Lostcast 119: Preduction
I’m glad I was eating my lunch while you were discussing cooking and “fancy ham”.
Can’t get enough of that “fancy ham” :P
@geoffb I f*cking love Alkaline Trio! I’ve only been able to get to one of their live shows (they seem to skip Ireland a lot on tours, which sucks) but I’ve been a huge fan since I first heard “Private Eye” back in college.
You guys raised very pertinent points regarding financing your business - definitely something that gets overlooked a lot. Rami Ismail from Vlambeer is great the way he talks about things like the cheap ass instant noodles he and JW had eat twice a day every day for a year when they were making their earlier games. I’ve also heard Edmund McMilllen and Tommy Refenes tell people not to quit their day jobs and to keep making their game in their spare time. In fact I think Tommy Refenes said before that all he cared about with “Super Meatboy” was that it would make enough money so that he pay off his debts and have enough left in the bank to make his next game.
I’m sure it pops a lot of people’s bubbles but it’s important to realistic - very few people as successful as Notch!
There are so many potential business models for developers these days - kickstarter, patreon, greenlight, early access etc - and nothing is a golden ticket unfortunately.
What’s so dangerous to me is that everyone’s examples are the outliers – the few devs who have had big successes and are now millionaires (Team Meat), billionaires (notch), or just in VERY different boats than most of us will ever be in. The term I was looking for during the podcast was survivorship bias. Dan Cook’s article we mentioned tries to shine a light on the more common, realistic finances of indie game companies, and we try to do that too.
These days when I see a success I’m often like LOOK AWAY!! hisses like vampire
That’s very interesting, I’d never heard of “survivorship bias” before. I can see how it helps to contribute to the mistaken belief that game dev, or any industry for that matter, is a quick win and a crock of gold awaits.
I guess the cycle of promotion and media around games doesn’t help with the preconceptions. Additionally if you’re the likes of MS, Sony, etc you want to promote those successes because it brings in sales and you also want the “gold rush” to be seen to be happening on your platform while you’re the one selling the shovels.
I got a chance to read Daniel Cook’s article from the podcast, he writes a lot of sense. Yourself and Geoff can probably relate to it a lot more but coming from the day-job-contractor-evenings-and-weekends-hobbyist angle he’s definitely correct. It takes longer and quality suffers! I’ve been working on and off on a game jam puzzle game since late 2013. I polished it up enough with 12 levels and brought it to an indie event where I was genuinely shocked by the great reception it got - to this day I’ll never forget a guy sending 4 friends and then his wife over to play or the “a-ha!” look on one player’s face when they figured out how to get past a level. Anyhow.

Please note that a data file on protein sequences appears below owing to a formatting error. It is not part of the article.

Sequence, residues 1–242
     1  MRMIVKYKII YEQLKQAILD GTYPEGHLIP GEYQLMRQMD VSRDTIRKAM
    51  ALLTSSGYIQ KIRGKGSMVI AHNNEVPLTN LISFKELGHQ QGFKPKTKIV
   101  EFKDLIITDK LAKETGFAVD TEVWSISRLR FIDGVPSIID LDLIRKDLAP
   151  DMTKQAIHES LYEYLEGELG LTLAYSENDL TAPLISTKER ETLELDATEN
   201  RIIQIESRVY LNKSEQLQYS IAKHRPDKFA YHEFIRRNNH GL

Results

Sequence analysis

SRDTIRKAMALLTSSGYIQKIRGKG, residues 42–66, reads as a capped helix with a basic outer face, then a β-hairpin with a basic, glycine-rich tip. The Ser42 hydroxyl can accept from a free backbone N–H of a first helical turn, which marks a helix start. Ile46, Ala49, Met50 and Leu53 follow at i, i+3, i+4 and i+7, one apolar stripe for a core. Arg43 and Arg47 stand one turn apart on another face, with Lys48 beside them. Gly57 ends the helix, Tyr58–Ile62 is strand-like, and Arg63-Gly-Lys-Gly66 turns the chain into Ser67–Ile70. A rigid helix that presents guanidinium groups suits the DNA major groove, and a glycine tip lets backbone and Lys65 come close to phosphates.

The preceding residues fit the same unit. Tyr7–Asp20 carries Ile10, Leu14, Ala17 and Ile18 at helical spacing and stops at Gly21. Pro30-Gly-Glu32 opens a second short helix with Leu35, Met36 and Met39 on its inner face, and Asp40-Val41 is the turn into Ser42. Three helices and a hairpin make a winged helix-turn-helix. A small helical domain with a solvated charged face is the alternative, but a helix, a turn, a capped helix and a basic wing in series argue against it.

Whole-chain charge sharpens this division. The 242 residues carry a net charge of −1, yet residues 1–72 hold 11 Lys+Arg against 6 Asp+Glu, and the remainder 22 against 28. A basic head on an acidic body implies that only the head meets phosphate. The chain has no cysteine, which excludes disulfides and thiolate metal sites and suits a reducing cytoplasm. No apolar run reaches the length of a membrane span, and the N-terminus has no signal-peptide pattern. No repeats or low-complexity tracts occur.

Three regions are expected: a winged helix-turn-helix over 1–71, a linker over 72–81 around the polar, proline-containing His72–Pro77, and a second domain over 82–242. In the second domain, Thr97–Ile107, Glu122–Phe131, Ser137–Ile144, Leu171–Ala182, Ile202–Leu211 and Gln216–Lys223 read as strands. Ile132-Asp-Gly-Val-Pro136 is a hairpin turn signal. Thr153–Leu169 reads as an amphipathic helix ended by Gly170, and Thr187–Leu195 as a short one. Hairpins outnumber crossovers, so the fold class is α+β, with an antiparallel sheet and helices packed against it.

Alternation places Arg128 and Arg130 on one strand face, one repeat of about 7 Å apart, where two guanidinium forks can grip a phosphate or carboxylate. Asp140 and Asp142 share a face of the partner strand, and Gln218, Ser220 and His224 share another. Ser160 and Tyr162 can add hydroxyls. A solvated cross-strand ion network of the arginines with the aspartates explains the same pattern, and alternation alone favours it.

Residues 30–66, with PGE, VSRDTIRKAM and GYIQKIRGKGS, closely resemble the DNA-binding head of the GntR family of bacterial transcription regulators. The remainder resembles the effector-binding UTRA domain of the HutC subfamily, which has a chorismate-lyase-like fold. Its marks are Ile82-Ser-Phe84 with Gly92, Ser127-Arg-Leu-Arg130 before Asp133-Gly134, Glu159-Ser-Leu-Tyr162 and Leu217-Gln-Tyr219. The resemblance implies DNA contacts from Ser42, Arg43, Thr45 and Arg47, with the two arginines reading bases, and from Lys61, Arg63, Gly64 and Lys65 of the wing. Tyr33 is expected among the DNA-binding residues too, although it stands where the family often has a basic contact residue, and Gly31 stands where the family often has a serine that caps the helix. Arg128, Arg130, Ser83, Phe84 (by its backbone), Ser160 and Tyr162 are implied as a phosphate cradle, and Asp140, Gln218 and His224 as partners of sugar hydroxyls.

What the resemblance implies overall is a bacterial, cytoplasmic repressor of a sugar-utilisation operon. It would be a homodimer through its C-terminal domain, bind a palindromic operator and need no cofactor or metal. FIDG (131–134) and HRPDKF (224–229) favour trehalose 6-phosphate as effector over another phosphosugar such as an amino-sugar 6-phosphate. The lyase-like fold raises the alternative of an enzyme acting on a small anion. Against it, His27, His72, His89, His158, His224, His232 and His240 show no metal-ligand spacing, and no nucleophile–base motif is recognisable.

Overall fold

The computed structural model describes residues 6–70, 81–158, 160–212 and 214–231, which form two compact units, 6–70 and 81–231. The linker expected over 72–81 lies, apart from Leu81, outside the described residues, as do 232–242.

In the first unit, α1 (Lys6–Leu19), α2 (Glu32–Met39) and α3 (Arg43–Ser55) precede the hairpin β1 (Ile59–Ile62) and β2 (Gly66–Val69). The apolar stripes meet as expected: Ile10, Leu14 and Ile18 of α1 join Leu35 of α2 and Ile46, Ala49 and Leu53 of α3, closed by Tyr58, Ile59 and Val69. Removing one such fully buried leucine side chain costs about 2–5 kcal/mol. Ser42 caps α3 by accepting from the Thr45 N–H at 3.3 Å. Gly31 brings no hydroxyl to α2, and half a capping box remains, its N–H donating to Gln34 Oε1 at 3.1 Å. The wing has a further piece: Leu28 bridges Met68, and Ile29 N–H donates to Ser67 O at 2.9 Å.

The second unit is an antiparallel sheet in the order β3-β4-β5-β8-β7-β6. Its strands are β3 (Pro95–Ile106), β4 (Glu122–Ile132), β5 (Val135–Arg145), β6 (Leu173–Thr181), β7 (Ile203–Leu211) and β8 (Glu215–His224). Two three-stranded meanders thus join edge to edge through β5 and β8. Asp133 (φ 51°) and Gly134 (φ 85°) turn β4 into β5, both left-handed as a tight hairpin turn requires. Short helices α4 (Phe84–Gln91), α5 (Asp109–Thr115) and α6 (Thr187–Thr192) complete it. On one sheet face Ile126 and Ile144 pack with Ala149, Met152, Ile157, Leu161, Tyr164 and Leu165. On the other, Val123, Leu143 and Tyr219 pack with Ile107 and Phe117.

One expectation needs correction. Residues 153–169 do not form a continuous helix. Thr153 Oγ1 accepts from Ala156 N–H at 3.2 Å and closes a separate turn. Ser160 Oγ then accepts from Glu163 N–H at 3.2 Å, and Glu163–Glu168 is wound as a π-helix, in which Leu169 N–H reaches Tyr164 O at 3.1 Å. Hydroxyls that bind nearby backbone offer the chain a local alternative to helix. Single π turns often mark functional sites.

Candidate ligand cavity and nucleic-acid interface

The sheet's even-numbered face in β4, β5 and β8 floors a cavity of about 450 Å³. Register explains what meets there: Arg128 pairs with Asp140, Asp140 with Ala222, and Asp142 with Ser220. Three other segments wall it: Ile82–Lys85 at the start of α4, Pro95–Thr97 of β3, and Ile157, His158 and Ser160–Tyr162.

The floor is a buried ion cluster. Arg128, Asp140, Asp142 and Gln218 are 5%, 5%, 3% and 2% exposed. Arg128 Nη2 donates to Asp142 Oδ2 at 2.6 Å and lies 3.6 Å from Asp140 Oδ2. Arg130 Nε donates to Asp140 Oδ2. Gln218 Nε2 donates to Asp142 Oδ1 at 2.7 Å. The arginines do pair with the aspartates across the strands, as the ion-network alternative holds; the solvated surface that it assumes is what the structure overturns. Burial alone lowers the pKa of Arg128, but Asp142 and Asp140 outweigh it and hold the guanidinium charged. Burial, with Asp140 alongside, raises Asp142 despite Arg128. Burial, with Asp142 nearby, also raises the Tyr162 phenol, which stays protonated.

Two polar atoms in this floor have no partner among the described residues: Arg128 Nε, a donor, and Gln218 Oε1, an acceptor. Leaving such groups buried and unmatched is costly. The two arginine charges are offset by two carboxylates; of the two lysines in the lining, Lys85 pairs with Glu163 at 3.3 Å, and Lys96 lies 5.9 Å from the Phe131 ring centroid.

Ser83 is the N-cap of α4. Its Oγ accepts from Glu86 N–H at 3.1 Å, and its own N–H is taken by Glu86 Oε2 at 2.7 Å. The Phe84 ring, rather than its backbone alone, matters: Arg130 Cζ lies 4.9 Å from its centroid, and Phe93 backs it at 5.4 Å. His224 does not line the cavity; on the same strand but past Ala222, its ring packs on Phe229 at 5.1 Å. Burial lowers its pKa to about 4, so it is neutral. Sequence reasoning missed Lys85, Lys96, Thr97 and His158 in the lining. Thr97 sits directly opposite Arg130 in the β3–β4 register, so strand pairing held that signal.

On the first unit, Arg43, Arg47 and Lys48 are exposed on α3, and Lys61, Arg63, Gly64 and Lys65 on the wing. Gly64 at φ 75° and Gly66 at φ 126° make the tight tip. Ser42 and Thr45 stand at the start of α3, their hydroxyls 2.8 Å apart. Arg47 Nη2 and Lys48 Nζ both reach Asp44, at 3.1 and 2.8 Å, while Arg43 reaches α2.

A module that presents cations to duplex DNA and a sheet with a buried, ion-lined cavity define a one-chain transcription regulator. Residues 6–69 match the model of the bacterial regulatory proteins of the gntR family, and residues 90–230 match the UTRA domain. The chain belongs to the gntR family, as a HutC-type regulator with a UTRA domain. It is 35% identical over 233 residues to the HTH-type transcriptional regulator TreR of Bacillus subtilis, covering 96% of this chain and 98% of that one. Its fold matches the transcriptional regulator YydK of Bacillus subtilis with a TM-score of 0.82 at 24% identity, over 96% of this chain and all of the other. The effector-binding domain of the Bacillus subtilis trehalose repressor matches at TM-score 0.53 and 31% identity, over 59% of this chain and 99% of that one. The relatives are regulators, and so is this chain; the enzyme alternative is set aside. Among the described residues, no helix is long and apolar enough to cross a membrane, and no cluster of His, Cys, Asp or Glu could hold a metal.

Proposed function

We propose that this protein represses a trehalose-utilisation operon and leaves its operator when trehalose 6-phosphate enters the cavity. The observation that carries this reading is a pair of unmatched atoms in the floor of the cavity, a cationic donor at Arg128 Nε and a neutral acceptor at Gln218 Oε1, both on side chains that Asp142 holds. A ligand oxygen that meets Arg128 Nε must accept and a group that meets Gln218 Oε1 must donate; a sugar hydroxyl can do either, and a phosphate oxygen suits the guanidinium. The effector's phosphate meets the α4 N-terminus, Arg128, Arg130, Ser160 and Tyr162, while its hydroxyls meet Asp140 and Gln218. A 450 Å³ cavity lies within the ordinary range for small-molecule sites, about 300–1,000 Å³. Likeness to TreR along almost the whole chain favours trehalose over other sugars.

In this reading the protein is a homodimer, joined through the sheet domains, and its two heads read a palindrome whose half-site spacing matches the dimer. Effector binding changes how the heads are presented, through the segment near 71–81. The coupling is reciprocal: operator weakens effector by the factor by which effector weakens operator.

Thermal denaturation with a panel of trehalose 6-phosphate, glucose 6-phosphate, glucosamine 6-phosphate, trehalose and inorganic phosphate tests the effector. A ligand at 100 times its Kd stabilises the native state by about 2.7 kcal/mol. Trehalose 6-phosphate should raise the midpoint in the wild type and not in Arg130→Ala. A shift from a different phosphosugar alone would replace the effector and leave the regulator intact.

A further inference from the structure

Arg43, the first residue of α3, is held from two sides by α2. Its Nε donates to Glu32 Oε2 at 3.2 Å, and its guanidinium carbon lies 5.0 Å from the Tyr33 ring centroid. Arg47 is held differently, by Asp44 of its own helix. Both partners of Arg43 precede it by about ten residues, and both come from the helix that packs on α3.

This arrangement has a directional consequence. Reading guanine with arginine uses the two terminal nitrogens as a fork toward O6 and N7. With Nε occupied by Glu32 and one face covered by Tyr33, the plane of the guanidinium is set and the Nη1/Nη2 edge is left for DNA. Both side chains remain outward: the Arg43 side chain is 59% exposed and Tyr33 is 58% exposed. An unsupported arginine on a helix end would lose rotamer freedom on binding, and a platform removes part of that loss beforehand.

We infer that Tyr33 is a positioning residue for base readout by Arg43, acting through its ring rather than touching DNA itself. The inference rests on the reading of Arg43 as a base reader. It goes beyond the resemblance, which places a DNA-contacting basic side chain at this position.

I wanted to make the move from server side to more front end in my day job so I had built everything with JS/HTML for the technical experience. Then I got boned by iOS updates, browser bugs, hard drives failing. I didn’t want to go native as it would be another language to learn etc etc. If I was running a business I would never have survived but having the income from my day job allowed me to make all those mistakes. The game still isn’t finished and I’m strongly considering a move back to server side as front end web dev is always a headache :P
So hats off to you guys for staying in business for this long! It’s a very impressive feat :)
(To date I’ve made 65 euro on a J2ME game I co-developed in college that took 8 weeks to develop back in 2004!)
@anthony YES! Alkaline Trio is sooo goooood. I was hooked after hearing Hell Yes and My Standard Break From Life. From Here To Infirmary remains one of my favorite albums. Melissa and I caught them live in San Francisco not too long ago. They put on an excellent show.
I try to look at indies like Jeff Vogel (Spiderweb Software) and Cliff Harris (Positech Games) as my sources of inspiration. To me, they both embody the idea that you can build a sustainable game business around focusing on a small, niche games and building brand awareness.
My main concern with keeping a full time job though is focus. It’s really hard to make something as successful as it can be, without giving it all your focus. But yeah I am in no position to leave my full time job, I just don’t have the audience to make money off games yet. So i’m hoping to build that and see where things can go from there. In addition I am working on a small mobile + web app trello clone that works offline, as that’s my biggest gripe with Trello :D. Who knows where that kind of app might go.
For the twitch stuff, I agree while music in the background can add value (a lot of game streams do this), having it block out the audio in post process just sucks and is not worth it when you want to export to youtube. However, you can always record a local file and upload that manually to youtube. But I hear youtube has content detection as well.